Deep neural networks (DNNs) are increasingly applied in safety-critical domains, such as self-driving cars, unmanned aircraft, and medical diagnosis. It is of fundamental importance to certify the safety of these DNNs, i.e. that they comply with a formal safety specification. While safety certification tools exactly answer this question, they are of no help in debugging unsafe DNNs, requiring the developer to iteratively verify and modify the DNN until safety is eventually achieved. Hence, a repair technique needs to be developed that can produce a safe DNN automatically. To address this need, we present SpecRepair, a tool that efficiently eliminates counter-examples from a DNN and produces a provably safe DNN without harming its classification accuracy. SpecRepair combines specification-based counter-example search and resumes training of the DNN, penalizing counter-examples and certifying the resulting DNN. We evaluate SpecRepair’s effectiveness on the ACAS Xu benchmark, a DNN-based controller for unmanned aircraft, and two image classification benchmarks. The results show that SpecRepair is more successful in producing safe DNNs than comparable methods, has a shorter runtime, and produces safe DNNs while preserving their classification accuracy.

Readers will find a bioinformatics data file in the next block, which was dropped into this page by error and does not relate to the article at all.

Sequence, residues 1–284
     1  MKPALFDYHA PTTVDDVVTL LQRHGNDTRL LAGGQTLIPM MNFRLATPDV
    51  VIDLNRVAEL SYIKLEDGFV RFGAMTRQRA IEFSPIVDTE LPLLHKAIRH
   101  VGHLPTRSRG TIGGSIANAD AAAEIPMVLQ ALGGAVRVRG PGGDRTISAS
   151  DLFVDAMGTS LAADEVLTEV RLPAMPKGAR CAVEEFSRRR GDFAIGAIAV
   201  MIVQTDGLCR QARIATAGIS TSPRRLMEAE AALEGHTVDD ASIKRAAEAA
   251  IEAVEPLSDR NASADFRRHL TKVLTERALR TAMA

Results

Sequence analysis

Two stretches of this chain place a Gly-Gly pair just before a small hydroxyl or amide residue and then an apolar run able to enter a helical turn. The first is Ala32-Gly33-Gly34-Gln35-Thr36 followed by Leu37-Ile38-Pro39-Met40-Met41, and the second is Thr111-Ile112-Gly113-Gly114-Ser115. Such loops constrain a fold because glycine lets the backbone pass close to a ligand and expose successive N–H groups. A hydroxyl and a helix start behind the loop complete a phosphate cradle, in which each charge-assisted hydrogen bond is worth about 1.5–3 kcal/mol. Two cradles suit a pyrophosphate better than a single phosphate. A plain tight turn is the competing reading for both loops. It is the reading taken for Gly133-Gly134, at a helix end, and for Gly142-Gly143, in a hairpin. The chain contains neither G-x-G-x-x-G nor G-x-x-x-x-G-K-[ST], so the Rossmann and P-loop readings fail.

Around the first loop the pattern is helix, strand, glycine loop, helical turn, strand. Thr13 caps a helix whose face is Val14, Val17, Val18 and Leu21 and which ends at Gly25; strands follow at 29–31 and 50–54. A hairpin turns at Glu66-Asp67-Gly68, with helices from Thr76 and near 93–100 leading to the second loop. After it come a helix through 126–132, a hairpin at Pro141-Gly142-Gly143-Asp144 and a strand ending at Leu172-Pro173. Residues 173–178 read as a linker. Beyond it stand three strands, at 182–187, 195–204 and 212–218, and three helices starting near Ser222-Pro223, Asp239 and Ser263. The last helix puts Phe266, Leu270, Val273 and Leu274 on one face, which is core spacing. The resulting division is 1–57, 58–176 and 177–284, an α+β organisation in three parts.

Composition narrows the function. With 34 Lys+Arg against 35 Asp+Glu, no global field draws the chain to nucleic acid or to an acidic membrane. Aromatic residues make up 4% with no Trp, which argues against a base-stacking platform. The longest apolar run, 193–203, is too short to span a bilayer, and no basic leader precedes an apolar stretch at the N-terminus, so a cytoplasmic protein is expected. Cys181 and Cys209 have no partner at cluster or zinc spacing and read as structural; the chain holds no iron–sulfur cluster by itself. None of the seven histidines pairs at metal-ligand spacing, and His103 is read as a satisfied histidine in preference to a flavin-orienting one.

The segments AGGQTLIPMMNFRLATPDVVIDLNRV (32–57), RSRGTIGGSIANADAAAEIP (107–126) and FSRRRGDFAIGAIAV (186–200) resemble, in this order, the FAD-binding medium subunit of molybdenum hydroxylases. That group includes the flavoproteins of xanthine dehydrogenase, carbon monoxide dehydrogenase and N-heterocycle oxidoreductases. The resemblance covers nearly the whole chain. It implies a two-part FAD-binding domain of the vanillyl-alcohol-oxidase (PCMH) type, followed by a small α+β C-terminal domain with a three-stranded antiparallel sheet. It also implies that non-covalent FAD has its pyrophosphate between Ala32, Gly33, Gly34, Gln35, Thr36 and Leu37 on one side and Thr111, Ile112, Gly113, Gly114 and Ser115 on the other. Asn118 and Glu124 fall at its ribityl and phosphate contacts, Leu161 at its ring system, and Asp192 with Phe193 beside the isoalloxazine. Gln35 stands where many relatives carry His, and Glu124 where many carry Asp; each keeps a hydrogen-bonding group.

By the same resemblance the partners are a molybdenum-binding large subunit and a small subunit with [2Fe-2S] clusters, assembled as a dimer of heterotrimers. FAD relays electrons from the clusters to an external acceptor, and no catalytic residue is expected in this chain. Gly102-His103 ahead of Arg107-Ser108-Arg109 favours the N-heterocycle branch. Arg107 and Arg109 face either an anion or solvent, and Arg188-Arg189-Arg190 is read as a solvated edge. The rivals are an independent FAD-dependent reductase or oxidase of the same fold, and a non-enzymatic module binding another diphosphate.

An Algorithm to Compute a Strict Partial Ordering of Actions in Action Traces
2021, Kölbl, Martin, Leue, Stefan
Causality Checking [LL13] computes a causal explanation in the form of minimal action traces that lead to the violations of a reachability property. Causality Checking is implemented in the tool QuantUM [LFL11] that currently only depicts in a fault tree the causal actions in the action traces that lead to a property violation, but not the possible order of these actions. We present an analysis to compute the strict partial order of actions in action traces and succinctly depict these orders by a fault tree. We implemented the analysis in the tool QuantUM. We assess the performance of our algorithm by applying it to several models of different size. The results show that the analysis can compute the action order for thousands of action traces.
Correctness of an ATL Model Transformation from SysML State Machine Diagrams to Promela
2020, Caltais, Georgiana, Leue, Stefan, Singh, Hargurbir